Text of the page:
The Ecological Imagination in Richard Flanagan's Wanting
College of Liberal Arts and Sciences
Arts and Humanities
Richard Flanagans Wanting (2008) speculatively reconstructs the lived immediacy of encounters between European settlers and indigenous peoples in Australia during the mid-nineteenth century. Animality is a concept that unifies his novel treatment of the colonial encounter. Though much recent scholarship has illuminated how animal tropes function at the level of discourse to legitimate colonial practice ranging from the appropriation of bodies and land to genocide relatively little attention has been paid to the affective complexities that may have animated them at the level of lived experience. While discourses of animality can be read ideologically i.e., simply as pretexts for conquest Flanagan also reads them as symptoms of ambivalence. For he suggests that the colonizer, while driven to represent the indigene as immured within a reductively conceived animal body, is simultaneously attracted to indigenous modes of being-in-the-world. Flanagan represents the indigene as attractive to the colonizer precisely because he/she is unburdened by humanist and religious ideology: i.e., the indigene is figured as radically open to an inner world of affective intensities wrought in connection with local ecologies. Thus Flanagan posits the indigene as a model for new ecological sensibilities: ones that are open to the complexity and beauty of nonhuman exteriority, namely because they embrace human animality, vulnerability, and mortality as a welcome ontological condition.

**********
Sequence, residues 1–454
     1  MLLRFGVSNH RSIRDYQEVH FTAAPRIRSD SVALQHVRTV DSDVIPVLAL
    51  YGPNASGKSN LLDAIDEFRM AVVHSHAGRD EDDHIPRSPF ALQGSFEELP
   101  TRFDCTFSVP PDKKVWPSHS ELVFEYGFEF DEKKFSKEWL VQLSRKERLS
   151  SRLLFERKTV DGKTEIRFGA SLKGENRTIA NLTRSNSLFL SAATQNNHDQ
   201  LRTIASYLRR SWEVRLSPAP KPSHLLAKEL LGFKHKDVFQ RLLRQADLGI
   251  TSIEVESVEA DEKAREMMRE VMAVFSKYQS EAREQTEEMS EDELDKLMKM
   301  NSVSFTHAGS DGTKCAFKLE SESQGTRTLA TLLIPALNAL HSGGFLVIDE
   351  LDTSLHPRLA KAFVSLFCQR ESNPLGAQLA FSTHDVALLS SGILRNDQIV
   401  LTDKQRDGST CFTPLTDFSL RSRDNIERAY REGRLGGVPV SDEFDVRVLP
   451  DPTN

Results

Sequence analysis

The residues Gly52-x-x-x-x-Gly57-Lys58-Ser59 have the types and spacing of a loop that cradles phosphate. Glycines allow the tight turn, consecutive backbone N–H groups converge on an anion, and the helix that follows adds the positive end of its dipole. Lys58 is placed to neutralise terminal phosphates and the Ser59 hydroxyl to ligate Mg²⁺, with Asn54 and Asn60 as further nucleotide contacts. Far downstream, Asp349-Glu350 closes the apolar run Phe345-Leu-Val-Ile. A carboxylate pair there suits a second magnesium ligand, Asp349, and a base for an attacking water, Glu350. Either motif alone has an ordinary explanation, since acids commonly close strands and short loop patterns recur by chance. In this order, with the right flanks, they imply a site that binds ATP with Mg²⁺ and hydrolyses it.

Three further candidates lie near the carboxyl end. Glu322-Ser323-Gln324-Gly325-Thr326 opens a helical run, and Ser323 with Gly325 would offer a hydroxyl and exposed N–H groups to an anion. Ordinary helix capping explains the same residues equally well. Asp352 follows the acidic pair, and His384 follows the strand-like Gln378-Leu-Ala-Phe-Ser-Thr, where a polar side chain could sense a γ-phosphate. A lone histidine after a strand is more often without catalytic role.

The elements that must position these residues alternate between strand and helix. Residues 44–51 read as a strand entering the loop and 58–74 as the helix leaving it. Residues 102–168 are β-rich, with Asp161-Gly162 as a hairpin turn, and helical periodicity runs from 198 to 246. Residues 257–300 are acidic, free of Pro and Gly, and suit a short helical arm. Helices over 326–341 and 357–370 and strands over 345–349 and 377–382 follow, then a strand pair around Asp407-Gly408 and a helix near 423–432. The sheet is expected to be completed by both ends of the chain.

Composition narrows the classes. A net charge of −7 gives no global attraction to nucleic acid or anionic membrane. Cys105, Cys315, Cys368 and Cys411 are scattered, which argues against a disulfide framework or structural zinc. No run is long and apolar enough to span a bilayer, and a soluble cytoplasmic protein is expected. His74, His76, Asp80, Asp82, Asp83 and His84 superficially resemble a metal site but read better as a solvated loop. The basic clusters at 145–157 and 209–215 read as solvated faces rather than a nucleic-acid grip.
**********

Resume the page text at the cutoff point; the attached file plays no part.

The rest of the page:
Ecology and the Environmental Humanities
Rice University - Houston, Texas
Deyo, Brian, "The Ecological Imagination in Richard Flanagan's Wanting" (2014). Faculty Scholarly Dissemination Grants. 931.
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